I’m moving to a new place and will need to store the bikes vertically on the wall to free up floor space, so I was going to store the mountain bikes front wheels up and the roadies/cx front wheels down. I’ve heard many reasons not to store mountain bikes with hydro brakes vertically, most dealing with the “fact” that the levers should never be lower than the calipers to prevent fluid leaks. Same deal with suspension forks — seals will leak if stored upside down. Is there any truth to this?
It’s not so much that the brakes will leak, because you’d have other problems if that happened, but of getting air into your calipers. If you have air bubbles above your reservoirs, those can move into the calipers and then your braking is weaker or nonexistent until the air bubbles move back up above the reservoir in the lever. In the case of some brakes — Shimano comes to mind, the problem will clear itself up again soon with some vigorous pumping of the levers to move the air back up out of the caliper and the hoses. But not all brakes will pump back up without removing the lever from the bar and orienting it in a such a way that the metering hole that allows the air to go back into the reservoir is pointed up.
I’ve definitely seen suspension forks on bikes hung with the front wheel up leak enough oil from the damper that they have no damping. But generally for that to happen with a modern fork, the seal has to be shot. This happens if there is a scratch on the upper leg that tears the seal. So even if you replace the seal, the first time you ride, it’s scratched enough to leak oil when hanging up by the front wheel.
I actually hang my mountain bikes up by the rear wheel (I don’t have space enough to store them standing upright). By hanging by the rear wheel, I don’t worry about any fork leakage. But with one bike that has XTR brakes with a very slow fluid leak in a seal in the lever (for which Shimano has no rebuild kit), I have to pump the rear-brake lever to get it working again before riding. My bikes with Avid brakes don’t seem to be affected by the hanging, but that is not the case with all of them. Scroll down on this posting for more on the bike storage question.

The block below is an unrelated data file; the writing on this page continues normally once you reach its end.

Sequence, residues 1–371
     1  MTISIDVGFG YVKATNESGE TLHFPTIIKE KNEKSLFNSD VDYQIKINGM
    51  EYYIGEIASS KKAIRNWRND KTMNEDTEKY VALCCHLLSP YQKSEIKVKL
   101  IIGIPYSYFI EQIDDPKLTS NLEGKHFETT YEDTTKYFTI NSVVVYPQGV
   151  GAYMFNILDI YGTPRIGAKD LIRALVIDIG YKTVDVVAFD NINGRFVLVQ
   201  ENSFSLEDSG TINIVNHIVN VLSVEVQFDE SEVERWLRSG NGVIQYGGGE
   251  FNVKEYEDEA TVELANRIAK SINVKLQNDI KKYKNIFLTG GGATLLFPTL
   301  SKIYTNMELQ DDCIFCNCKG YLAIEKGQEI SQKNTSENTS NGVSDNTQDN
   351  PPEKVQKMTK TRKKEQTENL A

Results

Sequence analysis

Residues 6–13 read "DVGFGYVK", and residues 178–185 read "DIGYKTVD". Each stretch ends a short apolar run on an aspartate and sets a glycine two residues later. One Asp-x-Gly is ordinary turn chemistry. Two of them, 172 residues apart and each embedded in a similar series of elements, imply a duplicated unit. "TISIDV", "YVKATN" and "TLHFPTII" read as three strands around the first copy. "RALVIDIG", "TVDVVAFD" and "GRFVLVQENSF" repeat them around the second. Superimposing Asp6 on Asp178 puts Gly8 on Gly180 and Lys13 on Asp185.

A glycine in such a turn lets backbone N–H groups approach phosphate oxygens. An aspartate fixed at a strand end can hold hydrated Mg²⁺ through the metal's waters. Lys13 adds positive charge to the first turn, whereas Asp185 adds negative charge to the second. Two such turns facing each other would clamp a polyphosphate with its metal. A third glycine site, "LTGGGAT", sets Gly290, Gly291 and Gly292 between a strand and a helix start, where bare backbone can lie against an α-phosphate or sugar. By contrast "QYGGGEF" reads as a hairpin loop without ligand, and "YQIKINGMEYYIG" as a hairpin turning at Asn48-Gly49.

Feedback on Lennard’s Jan. 11 column: Shimano Cogs and Chains
In fact the 10-speed Dyna-Sys chain is not the same as the 10-speed road chains. And If I remember correctly you did an article calling out the differences between the 7900 chain and the 980 chain. I would be shocked if both chains didn’t work just fine on that setup though, interested to hear which one would work better if you have any insight on that.
You’re absolutely right. The chamfers on the XTR chain are different to improve performance and durability in dirt and to better shed mud. The XTR chain does not have the cutouts on the back-side inner links like the 7900 chain has. As Shimano Media Relations Officer Devin Walton says, “the XTR chain was actually specifically designed for use in an off-road environment.”
Readers can send brief technical questions directly to Lennard Zinn.
Technical writer Lennard Zinn is a frame builder (www.zinncycles.com), a former U.S. national team rider and author of numerous books on bikes and bike maintenance including the pair of successful maintenance guides “Zinn and the Art of Mountain Bike Maintenance” – now available also on DVD, and “Zinn and the Art of Road Bike Maintenance,” as well as “Zinn and the Art of Triathlon Bikes” and “Zinn’s Cycling Primer: Maintenance Tips and Skill Building for Cyclists.”
Zinn’s regular column is devoted to addressing readers’ technical questions about bikes, their care and feeding and how we as riders can use them as comfortably and efficiently as possible. Readers can send brief technical questions directly to Zinn.
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